Foodservice Equipment Reports
Editor's Take

Back To Basics

Every January we run Operator Perspectives, mini interviews with foodservice professionals from a variety of segments; they tell us what they foresee for their businesses in the coming year. Read together, you’ll often find that themes emerge, common outlooks or attitudes that reflect the challenges of doing business in the current economic climate.

This year, a strong common theme is a determination to get back to basics. Several chains are looking hard at operations and store layouts to optimize execution. They’re paring back menus, sparking interest with innovative but limited-time offerings and improving the core items that made them popular in the first place. They’re clarifying their identity and brand messages, taking care of existing infrastructure (including equipment replacement) and giving franchisees a lot of TLC. It reminds me of the “nesting syndrome.

The Great Recession has been over for several years and moderate but healthy growth is predicted for the foreseeable future (at press time, the Fed is on the verge of raising interest rates—a good sign); you’d think operators would be pretty upbeat. They are, but they’re also very cautious. The recession really did a number on us all and it’s reflected in the way the foodservice industry is moving forward, even now, almost six years later.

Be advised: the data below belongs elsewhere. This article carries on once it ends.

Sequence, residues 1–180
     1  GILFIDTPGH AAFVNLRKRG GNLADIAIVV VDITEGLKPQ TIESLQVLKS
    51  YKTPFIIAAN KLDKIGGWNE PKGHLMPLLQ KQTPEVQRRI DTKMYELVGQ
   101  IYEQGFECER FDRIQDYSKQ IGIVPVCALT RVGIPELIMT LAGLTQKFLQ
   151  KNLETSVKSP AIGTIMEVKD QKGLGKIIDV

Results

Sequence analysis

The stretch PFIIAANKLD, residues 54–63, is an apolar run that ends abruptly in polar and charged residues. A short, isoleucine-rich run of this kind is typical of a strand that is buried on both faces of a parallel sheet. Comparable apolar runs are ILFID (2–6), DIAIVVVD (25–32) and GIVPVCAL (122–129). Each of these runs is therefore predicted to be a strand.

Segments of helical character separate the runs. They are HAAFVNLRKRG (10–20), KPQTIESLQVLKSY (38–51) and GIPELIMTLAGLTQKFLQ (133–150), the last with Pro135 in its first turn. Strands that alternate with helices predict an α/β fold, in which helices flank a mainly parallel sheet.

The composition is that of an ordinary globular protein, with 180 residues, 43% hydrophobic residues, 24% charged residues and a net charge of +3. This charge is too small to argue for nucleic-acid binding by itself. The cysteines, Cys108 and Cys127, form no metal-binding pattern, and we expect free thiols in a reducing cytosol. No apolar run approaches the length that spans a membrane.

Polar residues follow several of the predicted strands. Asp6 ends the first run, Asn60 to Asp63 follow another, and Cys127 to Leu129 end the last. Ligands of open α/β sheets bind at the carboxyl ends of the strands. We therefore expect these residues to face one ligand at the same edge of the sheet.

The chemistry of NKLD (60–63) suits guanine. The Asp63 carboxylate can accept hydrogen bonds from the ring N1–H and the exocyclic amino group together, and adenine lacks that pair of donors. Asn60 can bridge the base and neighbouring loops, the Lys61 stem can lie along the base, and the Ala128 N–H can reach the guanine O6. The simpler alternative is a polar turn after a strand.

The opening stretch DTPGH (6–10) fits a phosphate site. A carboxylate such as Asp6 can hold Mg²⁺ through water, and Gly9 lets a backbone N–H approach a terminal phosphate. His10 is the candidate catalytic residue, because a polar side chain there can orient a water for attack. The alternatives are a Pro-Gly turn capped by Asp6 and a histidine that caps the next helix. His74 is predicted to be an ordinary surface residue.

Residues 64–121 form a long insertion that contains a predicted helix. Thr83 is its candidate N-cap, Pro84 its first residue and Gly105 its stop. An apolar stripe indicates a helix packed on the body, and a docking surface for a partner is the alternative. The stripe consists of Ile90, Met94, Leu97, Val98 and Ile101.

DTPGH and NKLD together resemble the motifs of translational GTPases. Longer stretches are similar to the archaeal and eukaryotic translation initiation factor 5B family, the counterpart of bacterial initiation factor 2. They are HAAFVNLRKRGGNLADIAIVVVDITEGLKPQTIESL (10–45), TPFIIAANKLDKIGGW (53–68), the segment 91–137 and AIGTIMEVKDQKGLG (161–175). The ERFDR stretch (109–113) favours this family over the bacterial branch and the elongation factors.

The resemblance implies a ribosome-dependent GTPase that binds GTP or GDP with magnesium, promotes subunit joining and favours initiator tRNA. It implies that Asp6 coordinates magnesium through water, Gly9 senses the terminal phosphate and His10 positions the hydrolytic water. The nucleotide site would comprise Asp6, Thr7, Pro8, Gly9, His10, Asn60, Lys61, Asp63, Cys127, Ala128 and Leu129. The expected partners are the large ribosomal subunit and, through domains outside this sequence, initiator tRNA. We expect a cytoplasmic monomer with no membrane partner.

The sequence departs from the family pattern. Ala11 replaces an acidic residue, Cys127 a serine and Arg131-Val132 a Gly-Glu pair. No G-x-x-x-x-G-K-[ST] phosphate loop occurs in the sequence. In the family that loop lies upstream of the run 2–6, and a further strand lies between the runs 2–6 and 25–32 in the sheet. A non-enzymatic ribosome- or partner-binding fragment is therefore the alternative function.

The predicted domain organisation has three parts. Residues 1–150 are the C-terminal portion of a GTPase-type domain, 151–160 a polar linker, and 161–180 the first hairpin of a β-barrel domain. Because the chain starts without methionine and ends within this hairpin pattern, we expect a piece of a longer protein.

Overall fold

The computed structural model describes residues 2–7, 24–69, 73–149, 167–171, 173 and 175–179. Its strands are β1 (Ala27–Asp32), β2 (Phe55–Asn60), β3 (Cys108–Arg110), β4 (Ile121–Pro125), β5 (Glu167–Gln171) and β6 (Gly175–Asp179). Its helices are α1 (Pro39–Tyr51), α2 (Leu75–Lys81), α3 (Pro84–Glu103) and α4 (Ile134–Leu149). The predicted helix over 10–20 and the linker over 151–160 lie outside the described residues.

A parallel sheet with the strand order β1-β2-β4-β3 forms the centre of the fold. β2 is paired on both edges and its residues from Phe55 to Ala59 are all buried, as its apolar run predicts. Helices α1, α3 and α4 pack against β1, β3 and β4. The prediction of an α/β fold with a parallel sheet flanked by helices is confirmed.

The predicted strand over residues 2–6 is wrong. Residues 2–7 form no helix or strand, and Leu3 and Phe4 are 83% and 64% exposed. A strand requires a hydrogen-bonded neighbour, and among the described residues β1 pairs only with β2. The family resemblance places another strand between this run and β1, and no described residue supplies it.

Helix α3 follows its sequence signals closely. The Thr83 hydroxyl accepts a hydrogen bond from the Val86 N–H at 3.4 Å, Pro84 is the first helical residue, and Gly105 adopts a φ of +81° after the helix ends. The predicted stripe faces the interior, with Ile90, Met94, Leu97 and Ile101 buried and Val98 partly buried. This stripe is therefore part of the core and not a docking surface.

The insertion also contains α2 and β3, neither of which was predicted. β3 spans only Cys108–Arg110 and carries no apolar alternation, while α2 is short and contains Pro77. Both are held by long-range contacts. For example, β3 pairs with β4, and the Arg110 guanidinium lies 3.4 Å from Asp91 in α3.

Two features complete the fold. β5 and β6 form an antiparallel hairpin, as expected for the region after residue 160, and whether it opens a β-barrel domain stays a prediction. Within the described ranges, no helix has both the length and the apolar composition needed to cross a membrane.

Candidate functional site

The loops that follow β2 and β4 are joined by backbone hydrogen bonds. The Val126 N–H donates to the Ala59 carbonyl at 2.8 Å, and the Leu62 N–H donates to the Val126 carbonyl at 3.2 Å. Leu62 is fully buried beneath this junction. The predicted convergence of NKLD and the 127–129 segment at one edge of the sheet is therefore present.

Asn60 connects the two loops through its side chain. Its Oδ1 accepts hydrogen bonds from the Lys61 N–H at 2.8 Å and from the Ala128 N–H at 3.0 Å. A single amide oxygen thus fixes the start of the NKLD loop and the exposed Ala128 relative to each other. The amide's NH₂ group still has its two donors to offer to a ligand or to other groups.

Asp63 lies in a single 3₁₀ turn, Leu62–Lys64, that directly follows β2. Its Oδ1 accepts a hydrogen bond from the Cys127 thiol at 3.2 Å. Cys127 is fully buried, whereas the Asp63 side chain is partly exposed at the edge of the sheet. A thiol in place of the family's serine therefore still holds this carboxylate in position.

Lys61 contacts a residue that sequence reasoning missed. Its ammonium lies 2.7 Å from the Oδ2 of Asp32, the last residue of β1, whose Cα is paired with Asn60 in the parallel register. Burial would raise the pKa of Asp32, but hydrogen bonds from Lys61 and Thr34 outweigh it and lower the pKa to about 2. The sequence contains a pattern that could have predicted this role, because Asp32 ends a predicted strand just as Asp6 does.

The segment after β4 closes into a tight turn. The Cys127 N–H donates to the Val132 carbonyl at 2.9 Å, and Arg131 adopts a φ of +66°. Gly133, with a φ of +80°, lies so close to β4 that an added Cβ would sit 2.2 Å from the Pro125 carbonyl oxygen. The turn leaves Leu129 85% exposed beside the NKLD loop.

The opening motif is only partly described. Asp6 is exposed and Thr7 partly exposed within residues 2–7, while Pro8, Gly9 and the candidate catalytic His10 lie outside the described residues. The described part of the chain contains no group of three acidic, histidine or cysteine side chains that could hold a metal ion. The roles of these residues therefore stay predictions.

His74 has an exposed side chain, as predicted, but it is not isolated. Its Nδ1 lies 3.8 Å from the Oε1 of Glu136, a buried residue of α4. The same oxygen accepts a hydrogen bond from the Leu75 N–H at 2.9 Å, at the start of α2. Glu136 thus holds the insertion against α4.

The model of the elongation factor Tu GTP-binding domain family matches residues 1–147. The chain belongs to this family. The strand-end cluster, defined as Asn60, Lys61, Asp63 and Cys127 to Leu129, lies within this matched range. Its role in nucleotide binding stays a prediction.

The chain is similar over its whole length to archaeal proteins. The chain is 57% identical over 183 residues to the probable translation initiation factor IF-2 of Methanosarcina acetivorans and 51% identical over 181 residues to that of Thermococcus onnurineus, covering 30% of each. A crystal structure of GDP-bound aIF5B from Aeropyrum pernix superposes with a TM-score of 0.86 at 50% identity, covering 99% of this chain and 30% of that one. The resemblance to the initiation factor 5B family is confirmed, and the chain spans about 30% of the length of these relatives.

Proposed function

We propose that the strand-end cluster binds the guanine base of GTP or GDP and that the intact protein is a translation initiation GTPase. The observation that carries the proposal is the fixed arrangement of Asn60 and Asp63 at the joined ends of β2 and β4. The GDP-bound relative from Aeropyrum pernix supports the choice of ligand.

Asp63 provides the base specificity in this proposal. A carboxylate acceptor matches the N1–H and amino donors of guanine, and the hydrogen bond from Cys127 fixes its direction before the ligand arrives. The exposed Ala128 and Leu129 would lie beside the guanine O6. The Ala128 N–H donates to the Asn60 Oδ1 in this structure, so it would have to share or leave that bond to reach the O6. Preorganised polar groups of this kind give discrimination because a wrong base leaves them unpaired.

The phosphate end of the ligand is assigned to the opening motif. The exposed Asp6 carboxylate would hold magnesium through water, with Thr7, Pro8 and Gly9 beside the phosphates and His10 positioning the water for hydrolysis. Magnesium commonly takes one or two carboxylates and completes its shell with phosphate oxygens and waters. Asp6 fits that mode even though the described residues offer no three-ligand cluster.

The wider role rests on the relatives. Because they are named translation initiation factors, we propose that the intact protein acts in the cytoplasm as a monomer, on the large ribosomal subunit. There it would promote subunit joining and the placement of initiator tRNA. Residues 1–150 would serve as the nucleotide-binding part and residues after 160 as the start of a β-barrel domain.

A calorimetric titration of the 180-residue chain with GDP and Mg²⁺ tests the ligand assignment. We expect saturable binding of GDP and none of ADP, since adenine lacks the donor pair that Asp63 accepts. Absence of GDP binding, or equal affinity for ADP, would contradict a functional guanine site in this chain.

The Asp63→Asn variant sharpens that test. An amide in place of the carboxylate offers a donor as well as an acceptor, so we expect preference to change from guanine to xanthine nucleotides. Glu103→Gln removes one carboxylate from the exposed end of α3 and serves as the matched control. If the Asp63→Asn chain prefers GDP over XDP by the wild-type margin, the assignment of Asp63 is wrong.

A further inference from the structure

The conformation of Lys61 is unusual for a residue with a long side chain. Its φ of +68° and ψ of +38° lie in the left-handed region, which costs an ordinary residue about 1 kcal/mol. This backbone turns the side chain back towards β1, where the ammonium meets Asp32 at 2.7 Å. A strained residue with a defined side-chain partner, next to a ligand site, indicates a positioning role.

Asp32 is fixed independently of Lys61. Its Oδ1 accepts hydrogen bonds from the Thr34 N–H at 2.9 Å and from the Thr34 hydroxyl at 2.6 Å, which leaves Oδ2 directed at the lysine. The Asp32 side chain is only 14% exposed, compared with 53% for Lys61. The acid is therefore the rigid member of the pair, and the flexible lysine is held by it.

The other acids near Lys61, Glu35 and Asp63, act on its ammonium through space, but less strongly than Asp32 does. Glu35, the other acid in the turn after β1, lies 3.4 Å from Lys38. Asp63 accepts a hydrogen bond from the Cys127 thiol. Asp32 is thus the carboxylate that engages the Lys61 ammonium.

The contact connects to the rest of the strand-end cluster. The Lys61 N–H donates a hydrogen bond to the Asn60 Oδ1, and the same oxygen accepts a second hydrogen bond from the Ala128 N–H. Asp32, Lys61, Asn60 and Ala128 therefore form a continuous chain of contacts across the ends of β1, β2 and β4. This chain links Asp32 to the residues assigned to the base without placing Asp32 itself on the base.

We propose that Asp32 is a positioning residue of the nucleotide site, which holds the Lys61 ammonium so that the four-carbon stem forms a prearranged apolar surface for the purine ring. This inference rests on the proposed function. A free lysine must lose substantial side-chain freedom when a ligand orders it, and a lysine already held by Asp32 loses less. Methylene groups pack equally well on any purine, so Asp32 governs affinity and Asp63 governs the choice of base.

Scott Gittrich, President and Founder of Toppers Pizza, says it clearly: “Our internal challenges sound boring. They’re about execution of the basics, so we’re prepared for things that are coming as opposed to reacting defensively to things that are already on our doorstep.”

“Going back to our roots was really the secret to our turnaround,” Back Yard Burgers’ CEO David McDougall says, in a sentiment similar to Gittrich’s. “We focused on our food and operational execution. Unit-level economics and ROI have to be in place, otherwise it makes no sense to open more stores.”

Slow and steady, moderate growth is still growth, and it appears to be a pace those who survived the Great Recession are most comfortable with.

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